Sainsbury’s shares top FTSE 100 amid possible store closures with Asda deal

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CMA Sainsbury's-Asda

Sainsbury’s shares surged to the top of the the FTSE 100 at the end of yesterday, with the confirmed merger with Asda pushing the blue chip index into positive territory.

The FTSE 100 closed up 0.09 per cent or 7.09 points at 7,509.3 points, with J Sainsbury shares emerging as the top performer after rising 14.5 per cent or 39.2p to 309p.

It came after J Sainsbury’s and Walmart-owned Asda revealed details about a proposed £12 billion merger and confirmed they have agreed terms on a deal that would create one of the UK’s biggest retail groups, with combined revenues of around £51 billion and a network of 2800 Sainsbury’s, Asda, Habitat, George and Argos stores.

The proposed Sainsbury’s-Asda merger first grabbed headlines over the weekend when it was revealed that both J Sainsbury’s and Walmart were in advanced stages of negotiations.

The deal is now poised to face scrutiny by the Competition and Markets Authority (CMA), which said the deal was “likely to be subject to review” and that it would assess whether the deal could reduce competition and choice for shoppers.

While bosses at the grocery giants initially insisted no stores would close as a result of the merger, they later conceded that possible outcomes from a CMA probe could force them to sell stores as part of modelling ahead of the merger.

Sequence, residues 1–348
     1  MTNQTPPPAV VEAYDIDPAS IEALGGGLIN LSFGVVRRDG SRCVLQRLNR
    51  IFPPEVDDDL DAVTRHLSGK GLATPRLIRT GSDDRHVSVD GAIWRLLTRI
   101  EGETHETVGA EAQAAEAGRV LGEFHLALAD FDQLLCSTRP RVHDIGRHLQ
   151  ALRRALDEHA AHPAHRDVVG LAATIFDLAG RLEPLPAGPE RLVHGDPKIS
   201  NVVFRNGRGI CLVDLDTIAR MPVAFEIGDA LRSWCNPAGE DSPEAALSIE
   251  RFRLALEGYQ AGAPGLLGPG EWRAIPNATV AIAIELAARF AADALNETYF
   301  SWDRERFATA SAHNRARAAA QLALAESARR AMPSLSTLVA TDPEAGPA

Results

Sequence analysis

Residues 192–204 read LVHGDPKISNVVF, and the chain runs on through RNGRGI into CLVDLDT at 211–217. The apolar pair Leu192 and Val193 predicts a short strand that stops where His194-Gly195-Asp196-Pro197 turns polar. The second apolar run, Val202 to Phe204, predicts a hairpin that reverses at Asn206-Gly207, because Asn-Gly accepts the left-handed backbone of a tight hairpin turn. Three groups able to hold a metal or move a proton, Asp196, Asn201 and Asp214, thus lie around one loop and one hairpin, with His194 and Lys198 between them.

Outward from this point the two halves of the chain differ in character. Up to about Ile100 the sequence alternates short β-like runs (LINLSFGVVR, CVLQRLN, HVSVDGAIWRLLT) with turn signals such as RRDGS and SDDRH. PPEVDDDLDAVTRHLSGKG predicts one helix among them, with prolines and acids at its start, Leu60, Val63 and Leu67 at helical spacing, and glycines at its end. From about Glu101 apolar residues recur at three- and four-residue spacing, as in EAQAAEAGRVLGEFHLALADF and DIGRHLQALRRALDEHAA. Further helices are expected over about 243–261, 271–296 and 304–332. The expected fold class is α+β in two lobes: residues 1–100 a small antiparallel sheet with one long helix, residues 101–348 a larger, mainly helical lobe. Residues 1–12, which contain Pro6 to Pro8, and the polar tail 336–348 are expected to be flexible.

An exact number of store closures was not revealed by the chains, but research firm GlobalData estimated that “at least” 75 stores where Sainsbury’s and Asda overlap were at risk.

Sainsbury’s has insisted that that any stores sold would be done so as “trading entities”, but the future of staff at those outlets – which number anywhere from 7500 to 10,000 – will depend on whether a buyer is found and if the the shops are then kept trading.

Just hours after the grocers conceded some stores could be shut as a result of the CMA probe, Sainsbury’s chief executive Mike Coupe was caught on camera singing “we’re in the money, the sky is sunny, let’s lend it, spent it, send it rolling along” in between interviews on ITV News.

He said in a statement afterwards that it was “an unguarded moment” as he tried to compose himself before a TV interview.

“It was an unfortunate choice of song, from the musical 42nd Street which I saw last year and I apologise if I have offended anyone,” Coupe added.

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